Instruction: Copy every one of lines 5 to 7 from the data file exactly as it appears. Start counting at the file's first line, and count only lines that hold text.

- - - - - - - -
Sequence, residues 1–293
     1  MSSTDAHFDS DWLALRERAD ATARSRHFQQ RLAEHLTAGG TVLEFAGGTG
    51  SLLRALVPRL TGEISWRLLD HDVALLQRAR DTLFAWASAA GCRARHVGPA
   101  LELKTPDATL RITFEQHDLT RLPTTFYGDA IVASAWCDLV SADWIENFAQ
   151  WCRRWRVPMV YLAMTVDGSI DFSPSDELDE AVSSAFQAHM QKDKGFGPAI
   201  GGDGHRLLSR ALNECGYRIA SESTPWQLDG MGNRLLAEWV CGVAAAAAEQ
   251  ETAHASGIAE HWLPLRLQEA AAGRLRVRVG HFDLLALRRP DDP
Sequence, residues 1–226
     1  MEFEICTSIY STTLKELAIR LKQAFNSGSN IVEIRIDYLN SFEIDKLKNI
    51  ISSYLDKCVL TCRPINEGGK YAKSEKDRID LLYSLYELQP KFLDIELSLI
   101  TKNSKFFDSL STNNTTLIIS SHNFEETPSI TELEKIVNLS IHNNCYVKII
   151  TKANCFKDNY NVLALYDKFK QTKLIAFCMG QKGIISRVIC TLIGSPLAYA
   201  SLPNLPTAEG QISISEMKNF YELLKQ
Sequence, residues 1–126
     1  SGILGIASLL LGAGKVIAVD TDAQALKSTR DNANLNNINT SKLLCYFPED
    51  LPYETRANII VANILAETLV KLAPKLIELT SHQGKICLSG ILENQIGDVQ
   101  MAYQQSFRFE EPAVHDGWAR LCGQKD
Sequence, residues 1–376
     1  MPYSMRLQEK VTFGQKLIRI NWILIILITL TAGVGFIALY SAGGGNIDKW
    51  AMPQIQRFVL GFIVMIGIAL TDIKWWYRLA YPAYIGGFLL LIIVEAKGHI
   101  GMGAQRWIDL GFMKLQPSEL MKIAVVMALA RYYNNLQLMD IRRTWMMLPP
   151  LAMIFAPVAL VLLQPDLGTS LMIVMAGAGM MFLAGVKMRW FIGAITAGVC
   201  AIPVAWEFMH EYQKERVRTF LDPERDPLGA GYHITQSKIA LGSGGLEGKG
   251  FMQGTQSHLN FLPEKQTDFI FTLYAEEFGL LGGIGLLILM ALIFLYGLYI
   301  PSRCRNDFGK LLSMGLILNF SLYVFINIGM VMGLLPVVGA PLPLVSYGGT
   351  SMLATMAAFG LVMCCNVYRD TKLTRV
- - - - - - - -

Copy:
   151  WCRRWRVPMV YLAMTVDGSI DFSPSDELDE AVSSAFQAHM QKDKGFGPAI
   201  GGDGHRLLSR ALNECGYRIA SESTPWQLDG MGNRLLAEWV CGVAAAAAEQ
   251  ETAHASGIAE HWLPLRLQEA AAGRLRVRVG HFDLLALRRP DDP